Poster, with illustration of three geese, encouraging the public to have their chests x-rayed by the visiting mass miniature radiography service, UK, 1940s.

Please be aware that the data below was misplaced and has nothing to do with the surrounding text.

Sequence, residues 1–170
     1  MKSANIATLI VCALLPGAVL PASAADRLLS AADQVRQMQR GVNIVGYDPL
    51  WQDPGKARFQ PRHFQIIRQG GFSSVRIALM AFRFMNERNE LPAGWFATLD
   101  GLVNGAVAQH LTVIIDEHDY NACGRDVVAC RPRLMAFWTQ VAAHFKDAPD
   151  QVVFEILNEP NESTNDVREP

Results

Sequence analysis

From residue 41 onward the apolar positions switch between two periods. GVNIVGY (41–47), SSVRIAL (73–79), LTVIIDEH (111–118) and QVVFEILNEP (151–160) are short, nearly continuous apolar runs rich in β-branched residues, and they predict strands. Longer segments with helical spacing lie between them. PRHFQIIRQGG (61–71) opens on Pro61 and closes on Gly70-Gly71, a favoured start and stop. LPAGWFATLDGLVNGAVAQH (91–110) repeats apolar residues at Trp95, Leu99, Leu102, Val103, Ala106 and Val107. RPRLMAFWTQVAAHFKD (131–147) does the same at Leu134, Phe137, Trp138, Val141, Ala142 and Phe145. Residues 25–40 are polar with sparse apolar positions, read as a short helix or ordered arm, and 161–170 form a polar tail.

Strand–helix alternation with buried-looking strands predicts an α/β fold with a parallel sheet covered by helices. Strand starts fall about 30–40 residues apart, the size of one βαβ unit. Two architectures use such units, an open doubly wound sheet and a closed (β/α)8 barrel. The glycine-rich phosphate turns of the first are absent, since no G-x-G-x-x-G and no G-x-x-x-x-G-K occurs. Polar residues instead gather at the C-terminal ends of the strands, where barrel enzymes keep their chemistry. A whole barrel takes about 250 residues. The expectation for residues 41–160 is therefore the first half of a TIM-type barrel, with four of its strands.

The highly infectious tuberculosis (TB) could be detected using mass miniature radiography, a technique used widely in the UK during the 1940s. This poster advertised mobile screening programmes that could rapidly x-ray the chests of large numbers of people in a community. Early diagnosis lowered the risk of infection to others, such as co-workers or family menbers, and also meant a higher chance of recovery. The poster is possibly aimed at parents because it features a cartoon image of a mother goose with her brood. The headline reads, ‘Confidence in your future, have your chest x-rayed.’ Mass miniature radiography only became possible with pre-war technological developments. These included extremely small, fast camera lenses that were applied to X-ray work. Mobile X-ray services played a large and very successful role in public health campaigns against tuberculosis in the 1940s and 1950s. They were phased out in the UK in the 1960s, but are still used in other parts of the world.